NEWS
By Mark Matthews and Mark Matthews,Washington Bureau | May 12, 1992
WASHINGTON -- Unwilling to use force and unable otherwise to stop the fierce fighting in Bosnia-Herzegovina, the West is playing what may be its last remaining card in the region that once ignited a world war.It will isolate Serbia.European Community nations agreed in Brussels yesterday to recall their ambassadors from Belgrade, the Serbian capital and once capital of the now-disintegrated Yugoslavia. It is a step U.S. officials have seriously considered as well.Meanwhile, the 52-nation Conference on Security and Cooperation in Europe (CSCE)
NEWS
By Mark Matthews and Mark Matthews,Washington Bureau of The Sun | February 2, 1994
WASHINGTON -- Less than three years after the end of the Cold War, armed conflicts let loose a wave of inhumanity in many nations last year, producing widespread civilian deaths and refugee flows, tortures, summary executions and rapes, the State Department reported yesterday."
NEWS
By Dusko Doder and Dusko Doder,Contributing Writer | May 24, 1992
TUZLA, Bosnia-Herzegovina -- Asim Krilic is 4 years old. His main concern last week was that nobody snatch his scruffy pale blue elephant. He showed little apprehension as his mother hauled him onto yet another battered bus for yet another long and weary journey. As long as his blue elephant was with him, the world was all right.Only in years to come will he understand what his mother, father and sister -- and hundreds of thousands of others -- feel deep in their bones. That is that in the heart of Europe a whole people -- Yugoslavia's Muslims -- is being cast off its land and forced to start a wandering life in other people's countries.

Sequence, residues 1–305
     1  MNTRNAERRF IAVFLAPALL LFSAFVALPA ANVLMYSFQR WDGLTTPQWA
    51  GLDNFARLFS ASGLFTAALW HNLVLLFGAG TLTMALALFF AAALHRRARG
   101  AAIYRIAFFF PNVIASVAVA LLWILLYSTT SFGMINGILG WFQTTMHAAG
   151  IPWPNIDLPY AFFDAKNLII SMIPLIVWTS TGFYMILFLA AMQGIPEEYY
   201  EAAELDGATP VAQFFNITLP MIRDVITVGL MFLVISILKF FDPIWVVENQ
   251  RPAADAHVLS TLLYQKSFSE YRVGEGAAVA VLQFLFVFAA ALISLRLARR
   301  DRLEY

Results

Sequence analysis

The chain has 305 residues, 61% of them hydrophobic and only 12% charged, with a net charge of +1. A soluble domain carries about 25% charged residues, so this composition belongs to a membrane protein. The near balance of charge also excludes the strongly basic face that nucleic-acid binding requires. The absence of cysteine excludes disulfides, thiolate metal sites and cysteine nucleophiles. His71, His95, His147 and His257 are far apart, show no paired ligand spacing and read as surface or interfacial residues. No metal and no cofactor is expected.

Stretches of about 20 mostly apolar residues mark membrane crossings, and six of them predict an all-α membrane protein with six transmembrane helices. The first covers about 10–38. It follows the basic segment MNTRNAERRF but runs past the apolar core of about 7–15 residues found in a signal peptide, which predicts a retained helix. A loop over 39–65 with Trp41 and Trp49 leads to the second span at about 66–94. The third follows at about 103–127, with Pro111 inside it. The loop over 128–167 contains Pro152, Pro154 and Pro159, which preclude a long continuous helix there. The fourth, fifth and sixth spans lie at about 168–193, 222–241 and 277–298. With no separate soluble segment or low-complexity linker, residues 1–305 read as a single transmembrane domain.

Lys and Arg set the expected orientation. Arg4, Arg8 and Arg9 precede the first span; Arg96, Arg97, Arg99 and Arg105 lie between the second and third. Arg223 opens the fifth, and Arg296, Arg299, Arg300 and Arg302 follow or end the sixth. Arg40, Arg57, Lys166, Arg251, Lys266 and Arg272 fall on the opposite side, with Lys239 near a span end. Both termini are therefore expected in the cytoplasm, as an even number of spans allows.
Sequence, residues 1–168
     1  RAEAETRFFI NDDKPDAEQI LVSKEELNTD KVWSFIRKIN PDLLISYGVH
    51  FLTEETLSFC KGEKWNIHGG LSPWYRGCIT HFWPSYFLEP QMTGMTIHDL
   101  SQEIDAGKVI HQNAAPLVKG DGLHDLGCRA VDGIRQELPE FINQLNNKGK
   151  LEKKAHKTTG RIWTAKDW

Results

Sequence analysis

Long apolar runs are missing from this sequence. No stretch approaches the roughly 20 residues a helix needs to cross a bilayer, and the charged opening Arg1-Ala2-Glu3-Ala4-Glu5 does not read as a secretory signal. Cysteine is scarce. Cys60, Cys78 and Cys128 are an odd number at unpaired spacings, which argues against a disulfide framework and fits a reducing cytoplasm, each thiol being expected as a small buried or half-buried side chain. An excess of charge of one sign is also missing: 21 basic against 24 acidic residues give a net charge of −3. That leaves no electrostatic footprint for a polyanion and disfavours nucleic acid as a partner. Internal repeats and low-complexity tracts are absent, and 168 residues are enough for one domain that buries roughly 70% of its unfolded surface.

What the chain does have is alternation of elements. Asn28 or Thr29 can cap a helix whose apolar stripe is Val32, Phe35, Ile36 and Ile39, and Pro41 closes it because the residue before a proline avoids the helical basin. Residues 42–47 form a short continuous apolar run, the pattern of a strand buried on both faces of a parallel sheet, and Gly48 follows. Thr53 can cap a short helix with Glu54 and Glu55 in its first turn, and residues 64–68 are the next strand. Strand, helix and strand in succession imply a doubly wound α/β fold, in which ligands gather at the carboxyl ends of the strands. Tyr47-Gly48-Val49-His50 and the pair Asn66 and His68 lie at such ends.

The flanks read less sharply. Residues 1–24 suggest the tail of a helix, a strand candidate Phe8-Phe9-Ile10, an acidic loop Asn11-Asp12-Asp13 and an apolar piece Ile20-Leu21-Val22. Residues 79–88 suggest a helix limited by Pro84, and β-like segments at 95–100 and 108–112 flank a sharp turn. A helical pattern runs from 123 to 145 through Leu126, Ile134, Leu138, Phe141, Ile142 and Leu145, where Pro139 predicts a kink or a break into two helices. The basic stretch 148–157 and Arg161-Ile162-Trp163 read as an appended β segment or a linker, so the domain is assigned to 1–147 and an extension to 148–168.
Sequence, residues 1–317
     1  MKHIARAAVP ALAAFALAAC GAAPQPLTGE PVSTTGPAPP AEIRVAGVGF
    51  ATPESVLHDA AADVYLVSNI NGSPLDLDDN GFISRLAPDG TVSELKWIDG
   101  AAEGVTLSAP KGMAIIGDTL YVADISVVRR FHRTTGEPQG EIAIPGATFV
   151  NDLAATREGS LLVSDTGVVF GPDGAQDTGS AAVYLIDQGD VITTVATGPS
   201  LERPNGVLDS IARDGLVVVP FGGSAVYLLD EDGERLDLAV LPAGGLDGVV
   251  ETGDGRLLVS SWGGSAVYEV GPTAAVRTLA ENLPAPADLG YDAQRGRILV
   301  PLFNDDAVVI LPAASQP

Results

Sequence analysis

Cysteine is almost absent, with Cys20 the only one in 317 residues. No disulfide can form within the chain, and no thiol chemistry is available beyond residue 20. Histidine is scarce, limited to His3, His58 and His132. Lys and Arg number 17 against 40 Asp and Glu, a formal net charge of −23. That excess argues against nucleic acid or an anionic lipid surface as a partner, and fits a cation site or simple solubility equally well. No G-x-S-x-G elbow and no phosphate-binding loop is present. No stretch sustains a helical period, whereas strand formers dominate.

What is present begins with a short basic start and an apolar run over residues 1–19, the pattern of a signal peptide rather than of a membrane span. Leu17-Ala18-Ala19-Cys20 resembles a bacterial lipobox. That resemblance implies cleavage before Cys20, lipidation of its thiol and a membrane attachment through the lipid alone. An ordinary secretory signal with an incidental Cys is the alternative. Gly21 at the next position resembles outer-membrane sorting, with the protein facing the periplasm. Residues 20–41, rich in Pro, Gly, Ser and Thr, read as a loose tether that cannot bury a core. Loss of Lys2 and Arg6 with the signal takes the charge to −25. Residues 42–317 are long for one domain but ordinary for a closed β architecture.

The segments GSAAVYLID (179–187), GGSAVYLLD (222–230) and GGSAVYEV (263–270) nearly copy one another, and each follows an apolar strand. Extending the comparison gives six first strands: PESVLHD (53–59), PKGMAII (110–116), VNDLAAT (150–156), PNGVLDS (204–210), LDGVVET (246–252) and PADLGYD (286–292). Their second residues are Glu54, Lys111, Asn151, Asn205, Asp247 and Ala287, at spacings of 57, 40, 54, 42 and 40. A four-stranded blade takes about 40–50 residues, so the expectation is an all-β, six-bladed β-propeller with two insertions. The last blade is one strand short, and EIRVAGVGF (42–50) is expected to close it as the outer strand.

NEWS
By Dusko Doder and Dusko Doder,Contributing Writer | August 15, 1992
CAJNICE, Bosnia-Herzegovina -- Western powers are worrying about becoming entangled in a Lebanon-style civil war in Bosnia. But Serbs in this frontier town about six miles from embattled Gorazde say it'll be their Vietnam.Others have found this land an unconquerable place, they say."I don't expect the Americans to bomb us from the air," said a local commander known as Gypsy, a bearded young man in his late twenties, ignoring bursts of machine-gun fire that punctuated the stifling summer air. "But if they want to do it, let them come."
NEWS
By James Drake and James Drake,SPECIAL TO THE SUN | November 12, 1997
PAZARIC, Bosnia-Herzegovina -- Old soldiers never die -- they simply become "consultants."Hunkered down in a bunker 25 miles west of Sarajevo, Col. Clark Welch -- late of the U.S. Army's Special Forces -- is plotting the downfall of the Bosnian Serb army. "Eight hundred hours tomorrow, we 'move to contact,' " cackles the ebullient Vietnam veteran to a group of staff officers gathered around a pin-riddled wall map. "They'd better be ready, 'cuz we're gonna kick the crap out of them."Fighting talk.